Lettuce

Lettuce

 

Nasturtiums

Nasturtiums

These apricot nasturtiums have found the way into one of the larger pots, and then they would their way into some botanical gin and tonics. Just the thing for celebrating the first BBQ of the season.

Botanical Gin and Tonic

Botanical Gin and Tonic

We are mulching the garden with a heavy layer of chips from trees we had taken out a couple of years ago. I’m hoping it will cut down of the water required in the flower garden.

The rhododendrons, lily of the valley bushes, and azaleas are blooming.

There are native wildflowers.

And the red salvias are still blooming like crazy, drawing lots of hummingbirds to the garden.

Back Flower bed

Back Flower bed

Columbines…these were originally seeded from my first packet of wildflowers.

And of course there are poppies.

 

Thanks for joining me today. I’d love to hear from you.

In My Garden – November 2020

In My Garden – November 2020

My garden has been my refuge these past few months, weeks and days. We are now past one election hurdle; I suspect there are many more to come.

November is the month for putting the garden to bed, as I wish we could with all the politics swirling around right now. I have been pruning, cutting back perennials, pulling out spent fall annuals, and planting native wildflowers for spring. We’ve had our first winter rain, although slight. There is a much larger storm system on its way later this week and we had our first frost last night. I’m getting the garden ready for a lengthy well deserved rest.

That’s not true in the vegetable garden though. I will hopefully get my snap pea seeds before the rain, the bed is ready for the 30 inch tendrils of a shorter variety. Now is the time for planting. Lettuce, arugula, carrots, sprouting broccoli, chard, and cabbage are all getting a good start. They love the cooler weather.

Ready for peas

Ready for peas

This year I will cover the new seeds with bird netting. The sparrows and junkos got most of them last yer.

Sprouting Broccoli and Chard

Sprouting Broccoli and Chard

 

Young Cabbage Plants

Young Cabbage Plants under shade cloth to protect from cabbage worms

 

Lettuce, Arugula, and Carrots

Lettuce, Arugula, radishes, and Carrots covered in bird netting

Here are a few pictures of the flower beds, facing the back of the house from left to right. The blue kiddie pool is for the dogs, they like to cool off in the water after a strenuous game of ball or frisbee or tag.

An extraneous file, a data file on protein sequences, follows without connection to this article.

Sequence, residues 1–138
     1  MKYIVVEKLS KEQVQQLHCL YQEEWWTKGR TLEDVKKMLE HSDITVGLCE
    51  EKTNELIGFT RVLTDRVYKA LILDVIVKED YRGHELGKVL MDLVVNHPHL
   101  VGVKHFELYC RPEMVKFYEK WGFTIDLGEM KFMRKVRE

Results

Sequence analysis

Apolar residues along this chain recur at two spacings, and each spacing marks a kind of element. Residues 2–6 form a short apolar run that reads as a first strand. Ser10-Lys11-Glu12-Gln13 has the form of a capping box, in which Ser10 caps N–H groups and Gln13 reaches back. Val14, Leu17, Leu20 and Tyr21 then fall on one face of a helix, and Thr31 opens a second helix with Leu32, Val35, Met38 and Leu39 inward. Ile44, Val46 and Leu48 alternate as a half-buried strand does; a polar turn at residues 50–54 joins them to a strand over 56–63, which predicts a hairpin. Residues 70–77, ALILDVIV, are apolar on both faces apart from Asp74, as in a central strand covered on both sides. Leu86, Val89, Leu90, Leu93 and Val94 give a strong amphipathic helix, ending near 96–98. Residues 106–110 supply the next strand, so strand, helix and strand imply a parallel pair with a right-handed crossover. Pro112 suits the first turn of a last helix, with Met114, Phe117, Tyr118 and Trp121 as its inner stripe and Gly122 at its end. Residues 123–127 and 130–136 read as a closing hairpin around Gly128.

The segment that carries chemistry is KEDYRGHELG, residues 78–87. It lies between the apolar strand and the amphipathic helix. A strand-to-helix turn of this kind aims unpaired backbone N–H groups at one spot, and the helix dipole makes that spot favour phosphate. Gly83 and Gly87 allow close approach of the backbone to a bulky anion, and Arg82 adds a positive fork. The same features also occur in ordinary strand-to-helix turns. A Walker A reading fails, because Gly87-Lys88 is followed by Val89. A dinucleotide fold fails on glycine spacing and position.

There is always something to do even if it is only filling the bird feeders. For that I am thankful.

Because of the heat lamps we have been able to hold a few appropriately distanced dinner parties outside, just off the kitchen deck. Once the rains start it will be more difficult. We have a rain flap over part of the deck but it is only large enough for four to be safely distant from each other, and it won’t work if there is any wind.

Ready for dinner

Ready for dinner

In the pollinator garden most of the plants have been sheared back. Amazingly that one rain shower (it was only .25 inch) has resulted in seeds sprouting.

And here, just for recording purposes, is our sad front yard. It’s mostly sand and weeds, our leach field for the septic system, and a playground for the dogs. I have purchased some seeds to improve the soil and will be working on it this week before the rain on Thursday. So here is the sad ‘before’:

Stay safe everyone, stay well, be kind to each other. I think we all need some tenderness right now.

I love your comments and suggestions. Thank you so much for visiting with me in my garden in Fort Bragg, California on the coast.

 

 

 

 

 

 

In My Garden – May 2020

In My Garden – May 2020

May has to be the best and most beautiful Northern California gardening month. Everything is starting to bloom, there is color everywhere. It’s lovely to sit in the evening with a glass of wine and soak in the view of the back garden.